media; humour

Mice in the house

I HAVE a complex relationship with mice.

   They repulse me and, at the same time, make me want to talk in that voice usually reserved for babies: ‘Oh, look at da little mousey. Aren’t you cute? Yes you are, yes you are.’

   At the moment though they’re in my pantry and every day I’m forced to clean up their shit and throw away all the things they’ve ransacked. My wife – I think she’s in denial about the depth of our problem – always refers to the ‘mouse’ we have. But I know there’s never just one. Mice aren’t the type of creatures that live alone in one bedroom units with nice little gardens.  Sure they’d move into a one bedroom unit, but they’d come along with 3000 other family members and eat everything that isn’t nailed down. Bad tenants that they are, they’d leave every inch of the place covered in shit too, not to mention poking more than a few holes in the walls.

   Mice are a force of nature. Not one damn one of them has an interest in playing the guitar, watching films or writing pointless internet blogs. They are designed for two purposes only: to eat and shit. And even knowing this, my heart goes out to them. Because they have cute little faces, I pretend they’re something more.

   We’ve got a ‘mice device’ – one of those stupid humane traps. They walk in and a little door closes. You simply take the mouse away – I got two in it the other day – and release it into the front yard of your enemy. I chucked one of the traps in a bucket of water once and watched the poor little fella drown. But he kept coming back to me in my dreams, so I never did that again.  

   We’ve had the other traps too, but they tend to get the poor little things right on the end of the nose and they die a horrible, bloody death. I can’t abide that. I have to admit, though, my opposition to those splatter traps is driven more by the mess than the cruelness of them.

   If someone came into my house with a flamethrower (but didn’t damage any of the furniture) and barbecued every mouse we had, that would be fine by me. As long as I didn’t have to see it. Because then I’d want to kiss and cuddle them and tell them I was sorry.

   The most embarrassing part of this mice problem is the fact that our dog, Sam, is a Jack Russell. He was born to be a mouser, but hasn’t caught a single one. He’s killed birds by the bucket load (and no, we don’t encourage this), but mice always give him the slip. He walks away from every exchange shame faced.

   So, unless we take drastic action we’re stuck with them. Can mice and men coexist? I think not. For me it’s like a relationship that’s gone sour: I’ll always love them, but I’m sick of their shit and want them out of my life.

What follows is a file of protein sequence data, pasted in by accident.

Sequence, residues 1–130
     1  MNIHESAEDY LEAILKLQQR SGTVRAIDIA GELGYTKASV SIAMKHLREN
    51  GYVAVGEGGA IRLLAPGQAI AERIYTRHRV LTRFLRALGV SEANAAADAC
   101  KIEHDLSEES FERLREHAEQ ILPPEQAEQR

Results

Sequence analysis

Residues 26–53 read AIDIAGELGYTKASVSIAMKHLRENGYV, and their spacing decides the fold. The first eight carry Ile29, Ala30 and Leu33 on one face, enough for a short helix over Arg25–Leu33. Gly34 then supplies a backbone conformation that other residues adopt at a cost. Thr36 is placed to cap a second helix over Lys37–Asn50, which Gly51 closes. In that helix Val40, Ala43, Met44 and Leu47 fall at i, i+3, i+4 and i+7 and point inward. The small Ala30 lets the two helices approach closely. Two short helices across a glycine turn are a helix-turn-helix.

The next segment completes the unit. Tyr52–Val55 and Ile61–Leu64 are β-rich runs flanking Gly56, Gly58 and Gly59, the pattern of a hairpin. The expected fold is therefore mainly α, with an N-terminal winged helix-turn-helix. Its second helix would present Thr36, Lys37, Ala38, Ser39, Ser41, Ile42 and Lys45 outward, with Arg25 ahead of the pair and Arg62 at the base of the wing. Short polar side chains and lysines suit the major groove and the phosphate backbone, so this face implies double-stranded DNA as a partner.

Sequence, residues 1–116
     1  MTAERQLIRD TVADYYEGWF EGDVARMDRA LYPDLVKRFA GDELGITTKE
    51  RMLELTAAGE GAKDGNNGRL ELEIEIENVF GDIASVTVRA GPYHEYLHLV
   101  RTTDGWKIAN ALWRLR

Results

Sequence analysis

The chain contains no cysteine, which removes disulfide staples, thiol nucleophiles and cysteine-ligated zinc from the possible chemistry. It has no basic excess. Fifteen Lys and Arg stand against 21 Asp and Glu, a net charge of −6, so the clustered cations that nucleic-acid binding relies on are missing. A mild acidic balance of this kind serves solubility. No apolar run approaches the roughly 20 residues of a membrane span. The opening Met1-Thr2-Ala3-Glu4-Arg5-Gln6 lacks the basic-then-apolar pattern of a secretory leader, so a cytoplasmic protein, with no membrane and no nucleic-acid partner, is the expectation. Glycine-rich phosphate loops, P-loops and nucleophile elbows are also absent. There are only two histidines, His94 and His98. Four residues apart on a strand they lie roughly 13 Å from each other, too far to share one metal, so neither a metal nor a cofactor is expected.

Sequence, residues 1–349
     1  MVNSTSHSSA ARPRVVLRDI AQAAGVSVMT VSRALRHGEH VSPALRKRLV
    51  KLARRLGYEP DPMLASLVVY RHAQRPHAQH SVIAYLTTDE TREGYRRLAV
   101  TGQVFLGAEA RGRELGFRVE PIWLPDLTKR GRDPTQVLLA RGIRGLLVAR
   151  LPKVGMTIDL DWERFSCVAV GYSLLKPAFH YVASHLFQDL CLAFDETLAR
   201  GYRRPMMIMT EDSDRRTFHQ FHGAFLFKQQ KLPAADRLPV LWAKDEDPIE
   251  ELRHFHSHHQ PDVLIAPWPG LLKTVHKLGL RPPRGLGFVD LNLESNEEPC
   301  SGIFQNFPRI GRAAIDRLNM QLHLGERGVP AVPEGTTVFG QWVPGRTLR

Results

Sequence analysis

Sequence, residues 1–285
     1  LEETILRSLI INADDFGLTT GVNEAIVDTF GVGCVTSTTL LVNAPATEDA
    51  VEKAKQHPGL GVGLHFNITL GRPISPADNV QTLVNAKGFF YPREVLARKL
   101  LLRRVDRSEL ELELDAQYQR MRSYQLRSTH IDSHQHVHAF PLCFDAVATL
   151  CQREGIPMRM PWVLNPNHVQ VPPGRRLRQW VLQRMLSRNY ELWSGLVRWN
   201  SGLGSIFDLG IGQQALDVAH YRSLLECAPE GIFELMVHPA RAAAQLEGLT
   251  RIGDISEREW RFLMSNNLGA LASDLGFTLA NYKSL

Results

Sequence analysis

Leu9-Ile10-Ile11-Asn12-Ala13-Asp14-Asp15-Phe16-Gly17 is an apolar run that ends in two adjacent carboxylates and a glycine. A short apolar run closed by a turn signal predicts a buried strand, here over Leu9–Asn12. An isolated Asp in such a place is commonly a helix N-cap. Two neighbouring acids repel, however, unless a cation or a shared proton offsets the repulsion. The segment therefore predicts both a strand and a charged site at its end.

5 thoughts on “Mice in the house

  1. Being similarly phobic about all manner of vermin, including guinea pigs and even rabbits, I engaged the services of a rat man last year to deal with a roof invasion. This was one of the worst decisions I have made. Having some foolish notion that he would hunt them down commando style, striking such fear into their hearts that they would flee and never return, he simply got on a ladder and tossed a few handfuls of bait into the cavernous space up there. After handing me an outrageous invoice he told me that in ideal circumstances they would take the bait and become thirsty and then leave the roof to go in search of water. This sounded fine except that it seemed that one of them decided, nah, game over, I’ll just stop here in an inaccessible roof cavity just next to their range hood over the stove. What followed was days of an overwhelming death stench no amount of incense and scented oil alchemy could subdue. Then came a shower of increasingly fatter maggots onto the stove over several days and then followed by about two weeks of coming home to a swarm of bulging blow flies every day. When the presence of all rat activity ceased I wondered, well, perhaps it was all worth it. Except for the fact that after a little bit of autumn rain there appears to be a new generation who see the same allure of our house as did their ancestors. And how they scorn my efforts to take the battle up to them outside the house. Like the Imperial USA or Sadam Hussein I have invested heavily in high tech armoury (Bunnings as my arms dealer) and chemical weapons, but like indominable little freedom fighters they continue to prevail. I haven’t scored a single casualty.

    • Thanks for your comments, Waz. You’re a very funny man. China was fantastic. I’d go back tomorrow if I could. Beautiful people.

  2. Can I suggest stuffing your crevices with steel wool? Buy a bloody big roll of it at the hardware and go your hardest. See you Friday night; gan bei!

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